Arizona OKs Insurance Mandate for Autism Coverage

March 24, 2008

A bill signed into law by Arizona Gov. Janet Napolitano will impose new mandates for insurance coverage for diagnosis and treatment of the developmental disorder of autism.

The bill signed by Napolitano had support from autism support groups and hundreds of parents.

Insurance and business groups opposed the mandate as costly for employers, but some went along with compromises in the final version of the bill that emerged from the Legislature.

Insurers’ coverage and benefits for the neurological disorder now vary, but the bill generally would require group insurers to provide coverage up to specified maximum dollar limits, subject to deductibles.

“Early diagnosis and proven treatment is the key to reversing this disorder,” said Sen. Amanda Aguirre, a Yuma Democrat who sponsored the Senate version of the bill. “It is imperative that insurance companies start helping to cover the costs families have been burdened with for years.”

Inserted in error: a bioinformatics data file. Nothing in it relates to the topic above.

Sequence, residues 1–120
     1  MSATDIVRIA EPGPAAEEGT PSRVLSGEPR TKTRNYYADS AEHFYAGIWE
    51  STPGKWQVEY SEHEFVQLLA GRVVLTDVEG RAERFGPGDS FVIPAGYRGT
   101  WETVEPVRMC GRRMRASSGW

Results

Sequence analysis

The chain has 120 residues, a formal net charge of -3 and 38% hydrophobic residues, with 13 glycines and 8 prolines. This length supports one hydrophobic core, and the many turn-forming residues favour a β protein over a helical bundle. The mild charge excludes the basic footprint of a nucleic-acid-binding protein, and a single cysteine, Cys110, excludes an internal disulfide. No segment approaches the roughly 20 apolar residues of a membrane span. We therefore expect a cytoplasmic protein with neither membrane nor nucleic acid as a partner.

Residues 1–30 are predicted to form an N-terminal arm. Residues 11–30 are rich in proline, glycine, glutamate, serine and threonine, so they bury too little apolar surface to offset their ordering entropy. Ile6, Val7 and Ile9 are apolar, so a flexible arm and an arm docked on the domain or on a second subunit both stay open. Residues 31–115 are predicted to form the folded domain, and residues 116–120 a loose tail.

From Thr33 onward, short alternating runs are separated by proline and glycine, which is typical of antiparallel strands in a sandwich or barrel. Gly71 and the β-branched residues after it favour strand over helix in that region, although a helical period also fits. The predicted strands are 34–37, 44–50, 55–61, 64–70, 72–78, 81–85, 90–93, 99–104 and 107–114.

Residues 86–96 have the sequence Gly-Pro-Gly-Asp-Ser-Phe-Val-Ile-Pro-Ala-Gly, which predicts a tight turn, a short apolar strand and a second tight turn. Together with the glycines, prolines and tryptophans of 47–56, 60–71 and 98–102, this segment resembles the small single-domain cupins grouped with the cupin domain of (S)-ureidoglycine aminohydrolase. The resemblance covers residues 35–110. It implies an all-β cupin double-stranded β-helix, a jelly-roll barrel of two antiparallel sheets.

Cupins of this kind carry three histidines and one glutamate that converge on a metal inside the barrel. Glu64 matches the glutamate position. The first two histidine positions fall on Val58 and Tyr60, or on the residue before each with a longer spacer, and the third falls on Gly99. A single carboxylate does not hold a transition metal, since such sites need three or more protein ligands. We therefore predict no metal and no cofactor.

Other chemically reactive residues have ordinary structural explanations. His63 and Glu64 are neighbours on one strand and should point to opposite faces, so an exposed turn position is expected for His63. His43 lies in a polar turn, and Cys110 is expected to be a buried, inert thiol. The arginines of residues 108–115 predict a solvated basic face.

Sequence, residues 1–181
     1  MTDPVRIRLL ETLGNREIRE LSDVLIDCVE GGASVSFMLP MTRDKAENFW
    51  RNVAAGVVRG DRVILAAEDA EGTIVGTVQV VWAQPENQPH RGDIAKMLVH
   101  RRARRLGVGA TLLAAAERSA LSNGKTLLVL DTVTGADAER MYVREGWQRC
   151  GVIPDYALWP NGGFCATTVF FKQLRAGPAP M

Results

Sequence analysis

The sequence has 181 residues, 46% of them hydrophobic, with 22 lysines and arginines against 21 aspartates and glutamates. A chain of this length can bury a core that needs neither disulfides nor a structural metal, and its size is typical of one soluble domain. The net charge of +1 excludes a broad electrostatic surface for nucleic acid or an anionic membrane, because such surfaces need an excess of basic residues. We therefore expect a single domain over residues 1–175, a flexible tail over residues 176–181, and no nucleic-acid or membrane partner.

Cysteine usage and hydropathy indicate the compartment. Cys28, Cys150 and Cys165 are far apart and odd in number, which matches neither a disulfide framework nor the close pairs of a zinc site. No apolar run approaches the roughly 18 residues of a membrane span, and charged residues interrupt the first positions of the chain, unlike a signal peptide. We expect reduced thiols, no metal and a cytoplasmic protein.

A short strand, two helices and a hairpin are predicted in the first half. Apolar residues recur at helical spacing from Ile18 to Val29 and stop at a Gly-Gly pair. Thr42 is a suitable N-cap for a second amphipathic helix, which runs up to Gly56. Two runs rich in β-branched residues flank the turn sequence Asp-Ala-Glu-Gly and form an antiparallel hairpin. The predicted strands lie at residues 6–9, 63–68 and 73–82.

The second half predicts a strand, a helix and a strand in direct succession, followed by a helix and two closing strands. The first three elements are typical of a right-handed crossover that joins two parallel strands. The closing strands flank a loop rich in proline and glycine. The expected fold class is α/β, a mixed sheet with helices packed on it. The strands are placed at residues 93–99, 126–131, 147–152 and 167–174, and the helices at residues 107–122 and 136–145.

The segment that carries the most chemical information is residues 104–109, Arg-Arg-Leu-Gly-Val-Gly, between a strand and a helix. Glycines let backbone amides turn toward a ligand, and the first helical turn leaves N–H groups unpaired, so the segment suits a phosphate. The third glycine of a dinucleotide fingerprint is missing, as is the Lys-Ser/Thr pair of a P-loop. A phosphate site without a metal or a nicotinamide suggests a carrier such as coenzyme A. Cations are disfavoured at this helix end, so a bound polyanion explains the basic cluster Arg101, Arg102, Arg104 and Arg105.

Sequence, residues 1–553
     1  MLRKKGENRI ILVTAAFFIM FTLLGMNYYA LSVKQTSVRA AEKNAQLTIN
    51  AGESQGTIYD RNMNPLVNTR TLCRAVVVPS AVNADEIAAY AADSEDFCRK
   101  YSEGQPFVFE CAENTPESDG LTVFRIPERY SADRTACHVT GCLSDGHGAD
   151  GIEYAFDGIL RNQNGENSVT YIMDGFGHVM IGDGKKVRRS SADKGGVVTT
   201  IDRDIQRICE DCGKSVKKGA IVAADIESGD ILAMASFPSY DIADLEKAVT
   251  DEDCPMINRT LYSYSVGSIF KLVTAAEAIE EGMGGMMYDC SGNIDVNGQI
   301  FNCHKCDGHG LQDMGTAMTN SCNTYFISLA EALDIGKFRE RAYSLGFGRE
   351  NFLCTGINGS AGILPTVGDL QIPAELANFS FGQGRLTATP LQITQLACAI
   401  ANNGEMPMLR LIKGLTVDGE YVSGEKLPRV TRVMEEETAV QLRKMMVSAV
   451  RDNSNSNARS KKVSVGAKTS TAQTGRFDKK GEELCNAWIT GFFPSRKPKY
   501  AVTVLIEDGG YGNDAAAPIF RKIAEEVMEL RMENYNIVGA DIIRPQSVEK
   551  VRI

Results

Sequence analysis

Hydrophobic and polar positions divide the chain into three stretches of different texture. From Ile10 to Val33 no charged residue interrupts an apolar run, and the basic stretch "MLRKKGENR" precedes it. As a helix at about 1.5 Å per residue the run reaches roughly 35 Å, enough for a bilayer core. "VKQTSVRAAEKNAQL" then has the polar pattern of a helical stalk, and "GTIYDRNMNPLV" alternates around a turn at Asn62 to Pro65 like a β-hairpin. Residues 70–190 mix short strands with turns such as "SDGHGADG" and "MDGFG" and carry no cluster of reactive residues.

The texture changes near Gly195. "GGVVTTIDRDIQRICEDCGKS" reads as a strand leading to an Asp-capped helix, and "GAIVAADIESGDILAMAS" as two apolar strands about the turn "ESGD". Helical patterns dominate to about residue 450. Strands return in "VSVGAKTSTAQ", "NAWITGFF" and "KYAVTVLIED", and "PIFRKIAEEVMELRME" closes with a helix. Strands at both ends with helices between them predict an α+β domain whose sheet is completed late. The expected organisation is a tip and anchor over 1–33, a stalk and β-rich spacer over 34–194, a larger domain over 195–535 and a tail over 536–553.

Policies for individuals and small businesses — those with 2-50 employees — are excluded from the mandate, and its requirements generally take effect in mid-2009 to allow time for prepare for implementation.

“It’s tremendous for families because treatments that have previously been denied coverage by their insurance companies will now have to be covered,” said Lisa Glow, president of the Phoenix-based Southwest Autism Research and Resource Center.

A major benefit will be increased availability of early intervention services, she said. “Medically necessary behavioral therapies will be covered. This is tremendously important because our children can make big gains with behavioral therapy.”

A federal study released in 2007 said about one of every 150 American children has autism, a higher estimate than previous ones.

The study by the U.S. Centers for Disease Control and Prevention was based on 2002 data from 14 states, including Arizona.

Autism is a complex disorder usually not diagnosed in children until after age 3. It is characterized by a range of behaviors, including difficulty in expressing needs and inability to socialize. The cause is not known.

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